I think most of the people I’ve known over the years laugh at making New Year’s Resolutions. Yet many do make a list every year and even get started on them, only to fizzle out.
From past experience, I know none of those silly things on my list are going to happen, so I stopped wasting my time some years back. Why make ourselves feel so guilty for no reason? We beat up on ourselves too much as it is.
New Year’s Resolutions fail because our heart isn’t in them. We’re making a wish list with no ETA:
- I wish I were still skinny.
- I wish I liked fruits and veggies more.
- I wish I earned more money.
- I wish my car didn’t look so bad.
Even telling ourselves might not be strong enough:
- I’m going to lose weight.
- I’m going to eat more fruits and veggies.
- I’m going to earn more money.
- I’m going to save for another car.
What we need instead is a set of goals, SMART goals, that is:
S – Specific – Else it’s not a goal, it’s a wish.
M – Measurable – Check it off on the calendar every time you repeat it. Do this even if you have to hide a pocket calendar in your purse or briefcase.
A – Attainable – Do you have the ability or the power to reach the goal(s)?
R – Realistic – Will you spend 80% of your time on it? You’re on the road to burnout if your life isn’t balanced.
T – Timely – Are you going to work on the goal every day? Twice a week? How many minutes or hours? How long can you keep up the routine?
Why are you making the list?
Some “why’s” are a lot stronger than others. Did someone else (maybe Miss Nasty at the office) rudely say you were fat? Does your medical chart have you classified as obese and at risk?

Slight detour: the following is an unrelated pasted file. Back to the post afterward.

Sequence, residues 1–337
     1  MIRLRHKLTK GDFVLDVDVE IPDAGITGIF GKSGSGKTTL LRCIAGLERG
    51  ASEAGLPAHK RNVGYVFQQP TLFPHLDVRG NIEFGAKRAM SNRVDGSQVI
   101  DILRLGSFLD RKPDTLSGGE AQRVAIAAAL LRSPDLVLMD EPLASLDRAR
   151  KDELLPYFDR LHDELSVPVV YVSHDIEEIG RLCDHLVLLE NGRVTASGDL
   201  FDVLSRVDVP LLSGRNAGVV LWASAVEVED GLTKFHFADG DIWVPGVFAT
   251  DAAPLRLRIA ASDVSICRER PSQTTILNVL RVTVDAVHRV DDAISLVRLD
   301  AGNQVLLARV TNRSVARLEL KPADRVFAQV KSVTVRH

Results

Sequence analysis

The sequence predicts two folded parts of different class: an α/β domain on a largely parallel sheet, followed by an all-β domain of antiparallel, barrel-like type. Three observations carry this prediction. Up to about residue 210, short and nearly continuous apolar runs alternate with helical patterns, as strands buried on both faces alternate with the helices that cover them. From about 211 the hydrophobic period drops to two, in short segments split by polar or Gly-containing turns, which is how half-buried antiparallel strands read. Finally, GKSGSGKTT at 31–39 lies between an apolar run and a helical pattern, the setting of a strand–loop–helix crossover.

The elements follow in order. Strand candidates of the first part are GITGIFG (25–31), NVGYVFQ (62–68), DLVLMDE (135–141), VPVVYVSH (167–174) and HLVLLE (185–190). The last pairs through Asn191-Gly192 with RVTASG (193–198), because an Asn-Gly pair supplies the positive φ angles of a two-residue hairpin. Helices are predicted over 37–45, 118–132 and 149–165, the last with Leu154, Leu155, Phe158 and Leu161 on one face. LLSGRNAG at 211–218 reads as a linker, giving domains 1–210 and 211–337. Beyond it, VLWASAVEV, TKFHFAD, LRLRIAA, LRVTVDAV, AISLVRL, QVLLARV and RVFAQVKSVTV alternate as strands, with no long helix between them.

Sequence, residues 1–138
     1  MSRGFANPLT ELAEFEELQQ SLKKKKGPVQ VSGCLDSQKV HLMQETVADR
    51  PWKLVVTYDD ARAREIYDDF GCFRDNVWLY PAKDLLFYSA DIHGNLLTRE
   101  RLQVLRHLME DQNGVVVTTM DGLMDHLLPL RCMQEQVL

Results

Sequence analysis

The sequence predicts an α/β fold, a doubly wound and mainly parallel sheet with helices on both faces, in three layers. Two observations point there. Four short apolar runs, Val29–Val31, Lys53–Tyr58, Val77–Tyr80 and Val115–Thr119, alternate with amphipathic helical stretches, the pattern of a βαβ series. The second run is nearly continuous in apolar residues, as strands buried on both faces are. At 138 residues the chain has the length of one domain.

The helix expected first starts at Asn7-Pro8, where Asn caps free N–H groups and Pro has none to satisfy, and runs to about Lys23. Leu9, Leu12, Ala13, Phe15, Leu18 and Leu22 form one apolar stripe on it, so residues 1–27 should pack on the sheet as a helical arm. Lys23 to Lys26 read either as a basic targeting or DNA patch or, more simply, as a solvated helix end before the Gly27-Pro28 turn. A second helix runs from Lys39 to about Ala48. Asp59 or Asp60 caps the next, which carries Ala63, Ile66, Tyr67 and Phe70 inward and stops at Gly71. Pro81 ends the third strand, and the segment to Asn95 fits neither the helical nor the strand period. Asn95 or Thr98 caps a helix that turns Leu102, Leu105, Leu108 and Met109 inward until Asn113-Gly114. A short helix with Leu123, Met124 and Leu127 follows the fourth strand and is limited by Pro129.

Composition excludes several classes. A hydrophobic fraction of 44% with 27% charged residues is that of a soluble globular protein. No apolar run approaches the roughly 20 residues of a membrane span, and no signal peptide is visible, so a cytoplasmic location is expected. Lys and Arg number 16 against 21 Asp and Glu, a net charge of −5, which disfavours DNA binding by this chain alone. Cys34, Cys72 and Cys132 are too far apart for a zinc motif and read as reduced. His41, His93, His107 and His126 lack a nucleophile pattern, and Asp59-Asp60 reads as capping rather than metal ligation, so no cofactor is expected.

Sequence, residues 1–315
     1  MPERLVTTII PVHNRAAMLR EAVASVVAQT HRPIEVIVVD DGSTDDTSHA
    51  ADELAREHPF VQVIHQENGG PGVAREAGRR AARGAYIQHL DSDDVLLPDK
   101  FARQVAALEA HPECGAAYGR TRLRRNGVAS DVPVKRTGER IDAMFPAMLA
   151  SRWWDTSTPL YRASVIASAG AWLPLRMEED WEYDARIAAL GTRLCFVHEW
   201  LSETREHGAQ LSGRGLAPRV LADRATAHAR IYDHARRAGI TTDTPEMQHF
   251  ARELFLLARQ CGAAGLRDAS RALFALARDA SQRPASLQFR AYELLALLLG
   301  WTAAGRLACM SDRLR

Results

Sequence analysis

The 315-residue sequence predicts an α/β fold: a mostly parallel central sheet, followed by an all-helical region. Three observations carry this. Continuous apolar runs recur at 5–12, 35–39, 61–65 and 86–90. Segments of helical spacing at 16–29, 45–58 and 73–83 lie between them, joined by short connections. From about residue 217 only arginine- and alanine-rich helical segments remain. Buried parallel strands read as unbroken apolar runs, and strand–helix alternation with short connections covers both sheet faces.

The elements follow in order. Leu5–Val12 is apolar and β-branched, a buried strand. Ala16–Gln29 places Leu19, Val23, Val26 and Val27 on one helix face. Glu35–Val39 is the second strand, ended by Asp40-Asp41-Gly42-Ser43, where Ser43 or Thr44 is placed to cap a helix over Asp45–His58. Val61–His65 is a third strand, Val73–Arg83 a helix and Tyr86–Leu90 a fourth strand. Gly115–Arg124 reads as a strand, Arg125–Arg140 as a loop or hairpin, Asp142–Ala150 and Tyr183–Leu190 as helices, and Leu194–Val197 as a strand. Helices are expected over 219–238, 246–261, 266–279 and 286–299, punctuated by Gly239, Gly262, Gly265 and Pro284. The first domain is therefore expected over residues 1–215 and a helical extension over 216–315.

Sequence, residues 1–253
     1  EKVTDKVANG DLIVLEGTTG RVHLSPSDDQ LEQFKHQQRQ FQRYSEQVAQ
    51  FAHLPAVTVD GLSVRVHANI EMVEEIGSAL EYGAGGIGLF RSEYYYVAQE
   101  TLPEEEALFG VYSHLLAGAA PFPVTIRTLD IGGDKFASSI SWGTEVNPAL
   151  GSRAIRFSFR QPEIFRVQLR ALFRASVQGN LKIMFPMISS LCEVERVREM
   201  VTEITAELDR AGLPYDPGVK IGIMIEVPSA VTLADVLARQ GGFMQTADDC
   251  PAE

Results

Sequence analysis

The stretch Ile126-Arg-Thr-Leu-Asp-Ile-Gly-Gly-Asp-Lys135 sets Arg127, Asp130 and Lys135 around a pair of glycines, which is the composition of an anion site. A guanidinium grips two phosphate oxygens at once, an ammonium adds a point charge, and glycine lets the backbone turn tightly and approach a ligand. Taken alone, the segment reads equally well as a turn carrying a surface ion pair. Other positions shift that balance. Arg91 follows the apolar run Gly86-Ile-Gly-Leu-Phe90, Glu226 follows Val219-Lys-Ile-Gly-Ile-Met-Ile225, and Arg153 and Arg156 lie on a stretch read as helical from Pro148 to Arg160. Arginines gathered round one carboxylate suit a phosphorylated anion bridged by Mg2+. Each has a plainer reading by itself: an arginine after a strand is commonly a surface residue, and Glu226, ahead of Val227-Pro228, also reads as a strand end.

Or did the doctor tell you to lose weight and to start by walking 30 minutes a day? If you have bad knees or hips, walking on concrete sidewalks can damage them further, especially if the sidewalks slope instead of being level. (And in our “nice” community, some sidewalks are dangerous due to the roots of city-owned trees lifting them up.)
You can walk in the street if you don’t have manic drivers careening through. Or find a shopping mall that allows seniors in early to walk. Regardless, starting with a 10-minute walk may make more sense than 30 minutes.
Most of us also have specific needs or ambitions for 2016. Are you going to enter the Ocean Conservancy’s Photo Contest next year? Better schedule some ocean or coastal visits with your camera gear soon!
Are you going to publish that novel in the next 12 months? Writing 500 words four days a week could produce two novels in 2016. Or sign up for NaNoWriMo next year!
Just about anything we can imagine we can make happen, but not without work on our part. And not just by relying on luck either. “Luck is what happens when preparation meets opportunity.” (This has been attributed to Roman philosopher Seneca, though is disputed.)
Are we making a wish list or setting goals? If our heart is in our wishes, we’ll set SMART goals and complete each small step to achieve them in 2016.